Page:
CITES AND POLITICAL WILL. By David Cook.
Since the ban on trade was imposed in respect of both elephant ivory ( barring a few one-off badly managed ivory auctions sanctioned by CITES ) and rhino horn, both species have been in steady decline primarily as a result of poaching but also suitably aggravated by human/wildlife conflict in a battle for space. This has been the very core of our argument over the past 11 years directed at a lifting of a 40 year old ban.
It found expression in the nauseating reminder to our opponents that doing the same thing over and over again and expecting the gods to serve up a different result was just daft! Underpinning this bald truth was not a legalistic principle but plain unadulterated common sense.
When confronted with this fact the anti sustainable-use lobby resorted to a biblical, creationist theory which contends that wild animals ( note I stress “wild” not domesticated species) share the earth with man on equal terms and must accordingly be assigned the same rights i.e. neither humans nor wild animals should be used as a commodity.
It conveniently ignored the fact that the legal status of wild animals in South Africa is res nullius i.e. belongs to nobody but may become the property of anyone “occupatio” who assumes possession of it through effective physical control i.e. fenced boundaries etc., etc.
What the original lawmakers overlooked at the time – but quickly came to accept as a valid conservation activity – was that the driving force behind the upsurge in investment in wild life was economics; marginal land produced far better returns under wildlife management than did domestic stock. Hence the meteoric rise of commercial game ranching in the 1960/70’s’.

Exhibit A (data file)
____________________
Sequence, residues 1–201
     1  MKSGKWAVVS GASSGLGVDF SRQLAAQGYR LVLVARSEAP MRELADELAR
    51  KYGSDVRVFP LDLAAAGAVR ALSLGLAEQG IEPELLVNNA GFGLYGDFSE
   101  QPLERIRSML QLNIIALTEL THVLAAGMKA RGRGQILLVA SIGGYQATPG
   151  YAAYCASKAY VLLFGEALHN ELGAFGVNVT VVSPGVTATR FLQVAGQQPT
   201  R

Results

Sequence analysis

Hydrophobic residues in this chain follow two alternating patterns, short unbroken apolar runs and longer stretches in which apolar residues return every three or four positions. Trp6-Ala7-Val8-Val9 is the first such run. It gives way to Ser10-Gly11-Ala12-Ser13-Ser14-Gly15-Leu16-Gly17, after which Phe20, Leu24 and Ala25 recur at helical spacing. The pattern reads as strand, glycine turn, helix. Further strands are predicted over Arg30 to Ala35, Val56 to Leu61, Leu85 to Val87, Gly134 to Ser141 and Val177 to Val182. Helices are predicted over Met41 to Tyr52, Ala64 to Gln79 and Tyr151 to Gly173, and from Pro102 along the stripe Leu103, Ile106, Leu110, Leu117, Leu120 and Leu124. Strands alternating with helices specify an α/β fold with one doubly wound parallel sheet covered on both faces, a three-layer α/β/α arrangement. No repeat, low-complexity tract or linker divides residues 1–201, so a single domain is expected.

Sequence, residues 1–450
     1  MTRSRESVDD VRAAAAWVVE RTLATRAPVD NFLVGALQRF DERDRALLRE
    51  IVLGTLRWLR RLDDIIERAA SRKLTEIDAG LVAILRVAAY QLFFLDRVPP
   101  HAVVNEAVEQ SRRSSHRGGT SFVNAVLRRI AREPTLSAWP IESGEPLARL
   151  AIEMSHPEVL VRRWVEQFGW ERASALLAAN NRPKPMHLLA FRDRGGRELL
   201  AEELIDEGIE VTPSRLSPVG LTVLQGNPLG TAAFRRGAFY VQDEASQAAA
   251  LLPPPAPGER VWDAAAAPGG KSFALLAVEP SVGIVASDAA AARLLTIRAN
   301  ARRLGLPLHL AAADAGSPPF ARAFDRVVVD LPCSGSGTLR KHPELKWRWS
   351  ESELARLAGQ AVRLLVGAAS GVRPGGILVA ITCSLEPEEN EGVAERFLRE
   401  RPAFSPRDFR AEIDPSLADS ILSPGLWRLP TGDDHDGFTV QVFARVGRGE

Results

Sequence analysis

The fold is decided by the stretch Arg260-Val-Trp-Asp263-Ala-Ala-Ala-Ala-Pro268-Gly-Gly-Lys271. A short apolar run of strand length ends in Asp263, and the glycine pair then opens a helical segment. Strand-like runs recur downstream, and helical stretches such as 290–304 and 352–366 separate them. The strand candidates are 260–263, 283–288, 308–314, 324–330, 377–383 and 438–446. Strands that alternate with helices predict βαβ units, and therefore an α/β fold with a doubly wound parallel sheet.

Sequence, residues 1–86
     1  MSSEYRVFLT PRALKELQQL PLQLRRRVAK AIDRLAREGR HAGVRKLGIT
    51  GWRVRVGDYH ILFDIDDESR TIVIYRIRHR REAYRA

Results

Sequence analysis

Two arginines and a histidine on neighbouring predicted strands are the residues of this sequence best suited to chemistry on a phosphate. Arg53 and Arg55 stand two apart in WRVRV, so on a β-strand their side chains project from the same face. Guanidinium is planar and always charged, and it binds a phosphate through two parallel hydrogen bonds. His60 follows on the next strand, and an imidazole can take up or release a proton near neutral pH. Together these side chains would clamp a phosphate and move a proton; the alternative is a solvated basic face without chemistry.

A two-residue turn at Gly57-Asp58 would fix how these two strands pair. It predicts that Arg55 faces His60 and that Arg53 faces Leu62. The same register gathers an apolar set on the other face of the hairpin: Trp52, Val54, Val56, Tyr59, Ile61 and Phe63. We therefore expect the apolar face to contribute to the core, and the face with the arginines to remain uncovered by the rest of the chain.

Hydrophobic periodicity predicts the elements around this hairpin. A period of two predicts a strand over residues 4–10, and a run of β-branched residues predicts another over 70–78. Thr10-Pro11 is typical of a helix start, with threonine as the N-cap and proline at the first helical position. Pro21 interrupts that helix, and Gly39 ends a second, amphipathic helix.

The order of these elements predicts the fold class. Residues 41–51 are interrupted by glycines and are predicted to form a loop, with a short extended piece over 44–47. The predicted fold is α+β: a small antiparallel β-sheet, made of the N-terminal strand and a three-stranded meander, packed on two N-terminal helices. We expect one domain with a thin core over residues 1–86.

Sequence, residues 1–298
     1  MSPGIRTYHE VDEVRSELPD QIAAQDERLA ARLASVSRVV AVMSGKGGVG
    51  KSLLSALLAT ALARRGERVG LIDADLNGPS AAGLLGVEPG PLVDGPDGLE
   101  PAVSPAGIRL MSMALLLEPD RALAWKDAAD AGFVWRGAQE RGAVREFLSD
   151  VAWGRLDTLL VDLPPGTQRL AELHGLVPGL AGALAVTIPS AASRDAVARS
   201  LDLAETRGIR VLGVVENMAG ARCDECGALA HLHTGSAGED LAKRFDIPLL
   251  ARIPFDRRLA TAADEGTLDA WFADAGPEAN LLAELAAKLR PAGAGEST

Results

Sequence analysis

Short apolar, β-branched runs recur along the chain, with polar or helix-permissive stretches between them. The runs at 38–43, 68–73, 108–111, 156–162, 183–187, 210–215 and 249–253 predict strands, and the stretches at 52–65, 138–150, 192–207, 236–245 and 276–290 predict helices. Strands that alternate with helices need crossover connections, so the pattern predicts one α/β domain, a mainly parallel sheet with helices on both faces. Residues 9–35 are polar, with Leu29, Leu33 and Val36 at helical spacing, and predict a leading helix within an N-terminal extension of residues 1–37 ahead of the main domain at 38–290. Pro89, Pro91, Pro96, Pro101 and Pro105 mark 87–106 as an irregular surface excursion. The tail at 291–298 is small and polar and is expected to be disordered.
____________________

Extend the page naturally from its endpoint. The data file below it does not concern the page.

Searching for some new counter argument mainstream NGO’s and social media platforms began to ignore this economic principle and deflected most of the arguments for a regulated trade in wild animals/products based on sustainable use practices, on the grounds that such an approach was morally and ethically wrong.
Suitably colored with emotion it was a winning stratagem; it captured the hearts and minds of millions of people and made the big animal rights players in the western world rich and powerful. In the final analysis it is the now entrenched “ethical” argument which prevails.
We have been urged to remain in CITES on the grounds that it does so much really good work protecting our hardwood timber forests, small mammals, bird , plant and reptile trade from rampant exploitation.
Africa has suffered drastically from over exploitation by foreign agency in spite of CITES so why remain shackled to something which, frankly, is the sovereign right of any state which values its natural resources to protect and to use as it sees fit.
Only an exit of the SADC range states from CITES and the formation of a new, enlightened body open to the markets of the world has any chance of salvaging what is left of wildlife resources trapped in a semi dysfunctional formal and declining informal wildlife sector.
But that takes trenchant political will, a human trait sadly in short supply these days.